a speech sound that is articulated with complete or partial closure of the vocal tract.

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1answer
26 views

Examples of discrete place-of-articulation changes

Most sound changes that involve consonantal place of articulation are gradual changes between two POAs that are contiguous: for example, a velar gets gradually fronted until it becomes a palatal. What ...
2
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3answers
106 views

Are there languages with consonant clusters that include consonants that never occur alone?

In the languages I know more about I can't think of any cases of consonant phoneme clusters that are not made up entirely of consonant phonemes which also occur on their own in the language. But I'm ...
3
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1answer
76 views

Consonantal innovations in Hungarian

The Hungarian language seems to have many phonetic features uncommon in other Uralic languages- for example, phonemic voicing in its stops and sibilants and the presence of a labiodental fricative ...
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1answer
35 views

“Rate” or “score” a word by various parameters

I’m working on a small project which involves a large list of words (single words, no sentence) and I would love to have a way to “rate” or “score” each word by some parameters. Right now I have two ...
2
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1answer
186 views

Languages with a three-way distinction between voiced, aspirated, and unaspirated stops

I thought I had asked this question here previously but it turns out that I asked about ejectives rather than aspirated stops. So this time I would like to ask whether there are languages that have a ...
5
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1answer
87 views

Does the initial part of voiced consonants always have a low pitch?

The spectral graphs in the accepted answer of "What is the difference between voiced and voiceless stop consonants?" shows that in English, the initial part (before the stop release) of voiced stop ...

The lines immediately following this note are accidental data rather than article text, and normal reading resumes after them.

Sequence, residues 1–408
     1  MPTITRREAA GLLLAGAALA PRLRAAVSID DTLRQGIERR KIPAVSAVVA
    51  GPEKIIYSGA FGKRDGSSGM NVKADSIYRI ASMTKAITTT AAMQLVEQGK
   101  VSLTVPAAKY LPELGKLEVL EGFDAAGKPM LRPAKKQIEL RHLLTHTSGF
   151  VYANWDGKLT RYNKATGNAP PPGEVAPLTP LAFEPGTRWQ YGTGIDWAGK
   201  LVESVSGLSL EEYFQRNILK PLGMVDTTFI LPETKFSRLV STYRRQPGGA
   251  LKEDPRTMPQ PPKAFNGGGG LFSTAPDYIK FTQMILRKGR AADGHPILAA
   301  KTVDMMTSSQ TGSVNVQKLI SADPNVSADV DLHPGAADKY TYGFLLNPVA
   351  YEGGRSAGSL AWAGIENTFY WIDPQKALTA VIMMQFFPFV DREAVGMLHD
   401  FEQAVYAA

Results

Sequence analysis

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0answers
129 views

What ocurrs when a non-strident consonant becomes strident in English?

What is happening when a sound in RP English usage is non-strident [ð] is replaced by a strident sound [v]? For instance, the word 'Father'.
3
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2answers
102 views

What is the phonological process whereby a speaker uses [ʊ] as a replacement for [l]?

What is the phonological process whereby a speaker would use [ʊ] as a replacement for [l]? Some examples off the top of my head; [lɪtl] -> [lɪtʊ], [gɪgl] -> [gɪgʊ], [twɪŋkl] -> [twɪŋkʊ]
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0answers
79 views

Does [t] become [g] due to anticipatory assimilation?

In this particular rule [t] -> [g]/_ V [+velar] (because of anticipatory assimilation) I'm unsure of how to actually write this in the most efficient way. I want to know that if [t] changes to [g] ...
2
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0answers
136 views

Are nasals stop consonants?

Nasals: I must answer the question but I am not sure how to understand it... The question is: why nasals both can and cannot be treated as stop consonants? I thought that nasals cannot be stop ...
3
votes
1answer
166 views

Can a syllable be open before a lenghtened consonant?

This thread (related to this problem) can be split into two questions, the first one being restricted to Ancient Greek, the second one being more general. (1) Let's be, by example, two syllables, the ...
4
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1answer
184 views

geminate or long consonants in Ancient Greek?

I can't decide whether Ancient Greek had "geminate" or "long" consonants. In other words did γλῶττα stand for [glˈɔːt̪.t̪a] or for [glˈɔː.t̪ːa] ? The difference between geminate and long consonants is ...
3
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0answers
104 views

What is the difference between an ejective consonant and a sequence of consonant + glottal stop?

Is it just the simultaneousness? Also - can a sequence of say uvular stop and glottal stop become - diachronically - an uvular ejective? Thanks :))
0
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0answers
157 views

What is the consonant equivalent of Well's lexical sets for English vowels?

In Accents of English (1982), John C. Wells came up with a useful notation for English vowels that allows easy comparison of the pronunciation of English vowels in varieties of this language. This ...
2
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0answers
406 views